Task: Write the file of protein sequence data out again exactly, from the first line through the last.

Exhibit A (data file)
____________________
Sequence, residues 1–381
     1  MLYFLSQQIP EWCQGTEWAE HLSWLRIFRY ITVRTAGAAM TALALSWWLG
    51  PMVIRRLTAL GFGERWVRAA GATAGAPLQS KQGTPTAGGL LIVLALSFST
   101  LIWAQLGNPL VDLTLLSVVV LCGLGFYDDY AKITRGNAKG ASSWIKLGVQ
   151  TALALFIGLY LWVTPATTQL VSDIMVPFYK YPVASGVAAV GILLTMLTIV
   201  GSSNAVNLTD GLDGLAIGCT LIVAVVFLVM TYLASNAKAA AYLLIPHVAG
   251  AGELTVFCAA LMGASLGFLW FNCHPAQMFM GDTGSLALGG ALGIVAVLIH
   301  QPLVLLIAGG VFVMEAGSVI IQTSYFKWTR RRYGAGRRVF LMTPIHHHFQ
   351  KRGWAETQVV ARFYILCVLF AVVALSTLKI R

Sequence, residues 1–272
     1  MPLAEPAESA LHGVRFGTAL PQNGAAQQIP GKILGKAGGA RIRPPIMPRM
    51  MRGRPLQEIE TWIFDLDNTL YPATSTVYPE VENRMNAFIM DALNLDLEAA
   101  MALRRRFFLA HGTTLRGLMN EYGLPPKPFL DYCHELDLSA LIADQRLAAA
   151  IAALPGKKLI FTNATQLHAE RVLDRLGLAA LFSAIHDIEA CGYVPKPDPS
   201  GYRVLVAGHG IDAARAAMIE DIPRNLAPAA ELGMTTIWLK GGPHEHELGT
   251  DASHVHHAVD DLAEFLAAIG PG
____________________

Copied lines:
Sequence, residues 1–381
     1  MLYFLSQQIP EWCQGTEWAE HLSWLRIFRY ITVRTAGAAM TALALSWWLG
    51  PMVIRRLTAL GFGERWVRAA GATAGAPLQS KQGTPTAGGL LIVLALSFST
   101  LIWAQLGNPL VDLTLLSVVV LCGLGFYDDY AKITRGNAKG ASSWIKLGVQ
   151  TALALFIGLY LWVTPATTQL VSDIMVPFYK YPVASGVAAV GILLTMLTIV
   201  GSSNAVNLTD GLDGLAIGCT LIVAVVFLVM TYLASNAKAA AYLLIPHVAG
   251  AGELTVFCAA LMGASLGFLW FNCHPAQMFM GDTGSLALGG ALGIVAVLIH
   301  QPLVLLIAGG VFVMEAGSVI IQTSYFKWTR RRYGAGRRVF LMTPIHHHFQ
   351  KRGWAETQVV ARFYILCVLF AVVALSTLKI R

Sequence, residues 1–272
     1  MPLAEPAESA LHGVRFGTAL PQNGAAQQIP GKILGKAGGA RIRPPIMPRM
    51  MRGRPLQEIE TWIFDLDNTL YPATSTVYPE VENRMNAFIM DALNLDLEAA
   101  MALRRRFFLA HGTTLRGLMN EYGLPPKPFL DYCHELDLSA LIADQRLAAA
   151  IAALPGKKLI FTNATQLHAE RVLDRLGLAA LFSAIHDIEA CGYVPKPDPS
   201  GYRVLVAGHG IDAARAAMIE DIPRNLAPAA ELGMTTIWLK GGPHEHELGT
   251  DASHVHHAVD DLAEFLAAIG PG